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E-Waste, Recycling and Disposal – Facts, Statistics & Solutions

e-waste

E-Waste

In previous centuries, most waste our industry created was easily decomposable and non-polluting, which means that businesses weren’t compelled to invest much thought into it. Furthermore, environmental-awareness still wasn’t a thing, therefore even those elements which are potentially hazardous were often regarded as harmless. Today, things have changed. These days we know just how harmful e-waste can actually be, which makes it a duty of every business, organization or individual to discard them in the safest way possible. Here are a few facts, statistics and solutions on this topic that you should be aware of.

Alarming Numbers
There is a statistic that today, nearly two-thirds of humanity have cellphones (4.77 billion users according to Statista). If you look at it as an indicator of progress, these numbers seem quite optimistic, but when you add a fact that only 13 percent of all electronic waste is disposed of properly, you get a completely different picture. This means that, in the US alone, over 100 million phones end up in trash cans each year. Those who believe this number is unrealistic need to keep in mind that an average mobile user gets a new device each 18 months. It is quite easy to assume that most of these people as unaware or unconcerned with eco-friendly protocols in electronic waste disposal.

The worst part is that phones are not the only problem. Over 112,000 computers get discarded on a daily basis. That’s roughly 40 million devices per year. Same goes for 20 million TVs. The list goes on. Even without any further clarification or analysis, it becomes clear just how serious of a problem this can become.

How Dangerous Is This?
The greatest problem with electronic waste is not just in the fact that there is so much of it but in its nature as well. You see, electronic waste usually contains chemicals like mercury (which poses a major health hazard for humans and wildlife alike), cadmium (which is a known carcinogen) and even beryllium which is one of the most toxic elements in existence. Overall, it is more than clear just how serious it would be for these materials to get in touch with our earth, soil and water and how easily could such a misconduct backfire.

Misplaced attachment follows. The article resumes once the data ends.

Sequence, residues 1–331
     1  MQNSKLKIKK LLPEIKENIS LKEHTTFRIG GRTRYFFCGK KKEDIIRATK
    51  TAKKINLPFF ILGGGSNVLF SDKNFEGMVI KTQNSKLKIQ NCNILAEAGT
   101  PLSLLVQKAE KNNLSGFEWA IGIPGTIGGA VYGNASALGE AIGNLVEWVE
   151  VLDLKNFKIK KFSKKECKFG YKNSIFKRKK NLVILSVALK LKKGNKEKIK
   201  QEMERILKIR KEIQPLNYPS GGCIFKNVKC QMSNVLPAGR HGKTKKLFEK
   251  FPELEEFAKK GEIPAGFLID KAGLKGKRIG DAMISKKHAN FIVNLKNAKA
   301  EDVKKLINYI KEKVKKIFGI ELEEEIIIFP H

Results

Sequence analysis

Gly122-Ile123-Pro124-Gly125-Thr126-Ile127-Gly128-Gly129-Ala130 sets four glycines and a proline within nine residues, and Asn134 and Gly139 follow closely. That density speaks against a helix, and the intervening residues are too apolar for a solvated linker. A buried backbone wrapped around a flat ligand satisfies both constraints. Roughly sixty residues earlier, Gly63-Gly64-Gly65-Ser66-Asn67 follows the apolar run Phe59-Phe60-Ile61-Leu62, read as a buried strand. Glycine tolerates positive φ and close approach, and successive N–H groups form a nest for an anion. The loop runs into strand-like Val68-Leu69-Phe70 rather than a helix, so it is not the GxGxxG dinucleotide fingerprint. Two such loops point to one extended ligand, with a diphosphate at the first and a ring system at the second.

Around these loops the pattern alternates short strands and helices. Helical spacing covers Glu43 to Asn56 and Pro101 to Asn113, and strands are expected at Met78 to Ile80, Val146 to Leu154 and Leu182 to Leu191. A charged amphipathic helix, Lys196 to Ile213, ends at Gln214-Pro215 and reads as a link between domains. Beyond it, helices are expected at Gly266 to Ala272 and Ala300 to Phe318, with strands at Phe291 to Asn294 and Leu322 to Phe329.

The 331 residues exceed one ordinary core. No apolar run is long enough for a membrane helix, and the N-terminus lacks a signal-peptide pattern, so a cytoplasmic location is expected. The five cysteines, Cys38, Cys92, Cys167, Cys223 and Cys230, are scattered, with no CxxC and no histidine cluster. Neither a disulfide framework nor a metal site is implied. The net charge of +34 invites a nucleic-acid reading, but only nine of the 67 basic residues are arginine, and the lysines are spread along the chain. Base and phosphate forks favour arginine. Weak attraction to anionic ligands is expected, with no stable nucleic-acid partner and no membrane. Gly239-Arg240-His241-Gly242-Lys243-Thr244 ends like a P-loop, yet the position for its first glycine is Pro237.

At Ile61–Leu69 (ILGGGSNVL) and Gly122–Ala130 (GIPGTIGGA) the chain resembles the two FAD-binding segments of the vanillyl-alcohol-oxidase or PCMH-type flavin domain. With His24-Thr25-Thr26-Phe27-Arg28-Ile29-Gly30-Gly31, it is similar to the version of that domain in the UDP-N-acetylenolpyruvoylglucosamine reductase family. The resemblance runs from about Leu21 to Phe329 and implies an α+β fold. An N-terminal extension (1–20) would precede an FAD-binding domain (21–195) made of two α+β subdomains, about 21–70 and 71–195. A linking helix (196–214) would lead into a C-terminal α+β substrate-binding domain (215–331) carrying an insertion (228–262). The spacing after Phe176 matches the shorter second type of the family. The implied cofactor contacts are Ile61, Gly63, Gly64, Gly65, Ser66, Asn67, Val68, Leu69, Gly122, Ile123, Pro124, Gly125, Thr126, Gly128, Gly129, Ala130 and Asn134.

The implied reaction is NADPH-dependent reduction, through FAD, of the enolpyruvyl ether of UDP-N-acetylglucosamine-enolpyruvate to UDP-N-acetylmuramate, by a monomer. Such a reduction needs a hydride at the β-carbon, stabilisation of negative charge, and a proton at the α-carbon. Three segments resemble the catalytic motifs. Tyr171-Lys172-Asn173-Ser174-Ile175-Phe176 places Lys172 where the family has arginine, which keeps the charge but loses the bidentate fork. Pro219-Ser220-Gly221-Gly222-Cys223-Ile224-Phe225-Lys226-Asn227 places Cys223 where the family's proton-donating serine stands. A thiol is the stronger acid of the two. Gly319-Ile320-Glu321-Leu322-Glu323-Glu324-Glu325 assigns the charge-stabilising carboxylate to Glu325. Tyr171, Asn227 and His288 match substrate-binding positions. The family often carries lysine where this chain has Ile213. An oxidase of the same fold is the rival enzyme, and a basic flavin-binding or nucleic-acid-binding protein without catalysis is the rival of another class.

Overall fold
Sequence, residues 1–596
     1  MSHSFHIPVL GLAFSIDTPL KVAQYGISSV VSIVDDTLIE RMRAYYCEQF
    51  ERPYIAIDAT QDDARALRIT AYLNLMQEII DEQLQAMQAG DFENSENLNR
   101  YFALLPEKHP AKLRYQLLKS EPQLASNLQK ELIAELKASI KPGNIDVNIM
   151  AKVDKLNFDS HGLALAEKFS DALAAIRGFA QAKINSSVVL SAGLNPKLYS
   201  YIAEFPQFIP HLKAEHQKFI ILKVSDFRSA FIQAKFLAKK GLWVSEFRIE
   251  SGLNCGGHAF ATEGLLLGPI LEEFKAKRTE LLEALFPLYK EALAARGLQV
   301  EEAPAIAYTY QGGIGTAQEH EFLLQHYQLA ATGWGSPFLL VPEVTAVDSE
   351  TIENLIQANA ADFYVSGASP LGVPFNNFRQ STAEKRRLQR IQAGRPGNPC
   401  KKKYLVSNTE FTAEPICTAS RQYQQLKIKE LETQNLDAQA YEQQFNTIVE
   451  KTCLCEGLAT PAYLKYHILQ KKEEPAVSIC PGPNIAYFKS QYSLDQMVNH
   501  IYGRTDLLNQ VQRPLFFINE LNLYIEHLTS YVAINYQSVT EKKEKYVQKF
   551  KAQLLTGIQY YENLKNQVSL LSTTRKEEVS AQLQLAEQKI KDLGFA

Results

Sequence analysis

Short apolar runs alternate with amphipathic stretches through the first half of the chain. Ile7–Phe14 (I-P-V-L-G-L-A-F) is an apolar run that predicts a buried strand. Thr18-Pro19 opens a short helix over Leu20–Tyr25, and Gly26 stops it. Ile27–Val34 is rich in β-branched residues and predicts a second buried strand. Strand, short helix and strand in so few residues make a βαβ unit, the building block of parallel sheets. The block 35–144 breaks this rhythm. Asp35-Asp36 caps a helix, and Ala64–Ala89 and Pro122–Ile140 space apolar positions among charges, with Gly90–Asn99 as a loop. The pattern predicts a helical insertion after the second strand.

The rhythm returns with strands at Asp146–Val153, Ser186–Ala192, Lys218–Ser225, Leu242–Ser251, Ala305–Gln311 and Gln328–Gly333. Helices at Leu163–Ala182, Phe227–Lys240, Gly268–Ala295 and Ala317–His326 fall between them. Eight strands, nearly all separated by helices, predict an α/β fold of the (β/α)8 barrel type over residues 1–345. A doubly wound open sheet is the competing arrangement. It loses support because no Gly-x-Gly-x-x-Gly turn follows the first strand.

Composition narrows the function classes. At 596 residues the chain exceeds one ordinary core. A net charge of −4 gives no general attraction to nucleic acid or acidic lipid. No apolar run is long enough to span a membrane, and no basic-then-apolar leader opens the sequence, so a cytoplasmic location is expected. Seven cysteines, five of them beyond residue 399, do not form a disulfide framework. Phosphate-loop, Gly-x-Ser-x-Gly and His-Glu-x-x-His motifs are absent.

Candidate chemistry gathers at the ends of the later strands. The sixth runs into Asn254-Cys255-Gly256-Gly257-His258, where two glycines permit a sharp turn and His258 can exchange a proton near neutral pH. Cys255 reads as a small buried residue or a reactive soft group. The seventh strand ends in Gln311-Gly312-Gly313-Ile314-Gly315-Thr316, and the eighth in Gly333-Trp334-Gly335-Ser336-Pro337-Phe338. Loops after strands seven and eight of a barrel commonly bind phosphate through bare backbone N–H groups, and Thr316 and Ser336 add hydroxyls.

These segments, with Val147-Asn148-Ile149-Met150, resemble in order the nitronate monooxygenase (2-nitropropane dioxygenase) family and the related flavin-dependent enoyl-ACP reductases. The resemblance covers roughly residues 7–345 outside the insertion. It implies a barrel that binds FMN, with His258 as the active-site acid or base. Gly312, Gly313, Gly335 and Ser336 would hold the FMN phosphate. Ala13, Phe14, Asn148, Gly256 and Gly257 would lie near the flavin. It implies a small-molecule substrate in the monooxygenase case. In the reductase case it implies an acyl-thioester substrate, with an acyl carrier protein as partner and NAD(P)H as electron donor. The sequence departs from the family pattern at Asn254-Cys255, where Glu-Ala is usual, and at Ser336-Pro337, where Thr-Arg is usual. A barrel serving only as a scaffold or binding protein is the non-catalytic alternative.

Donate
One man’s trash is another man’s treasure. Just because a device is no longer good for you, it doesn’t necessarily make it completely useless. Humanitarian organizations like World Computer Exchange can gift your old computer to an educational institution. This way, not only can you rest assured that your e-waste isn’t adding to your carbon footprint, but also benefit from the knowledge that you’ve helped someone in need. If, for example, you’re from NSW and are still on the lookout for the right organization to donate to, you can always opt for mobile storage in Sydney as a temporary solution to your problem.

Find a Reliable e-Recycler
In the end, if you are 100 percent sure that your old piece of tech can’t be reused or repurposed, you need to find the optimal way to recycle it. This is more difficult than you may think for two reasons. First, you need to find someone close to where you are, since even with the best of intentions, you won’t be able to send your waste across the globe in order to get rid of it in an eco-friendly manner. Second, you need to find someone certified. What good is it to give your e-waste to someone else if you can’t guarantee they won’t just throw it away somewhere later on. It wouldn’t hurt if you were to learn a thing or two about the landscape of e-waste recycling, as well as some e waste programs and certificates.

Conclusion
We can no longer turn a blind eye to the fact that e-waste is a real problem, one of the greatest of our lifetime. It is also the time to act upon this knowledge. The age of great government initiatives and movements is long past and now it is up to individual effort to make the difference. This means that every man, woman and child must find a way to carry their own weight. Same goes for startups, SMBs and major conglomerates. As Gandhi once said: “Be the change you want to see in the world”.

Article written by:

  • Stacey Cooper: Stacey Cooper is a freelance blogger, a journalist and a media manager . Through her work she tries to connect her different interests- passion for writing and interesting business tips , with just right dose of humor. Highly creative and enthusiastic individual interested in new business strategies , marketing and entrepreneurship.

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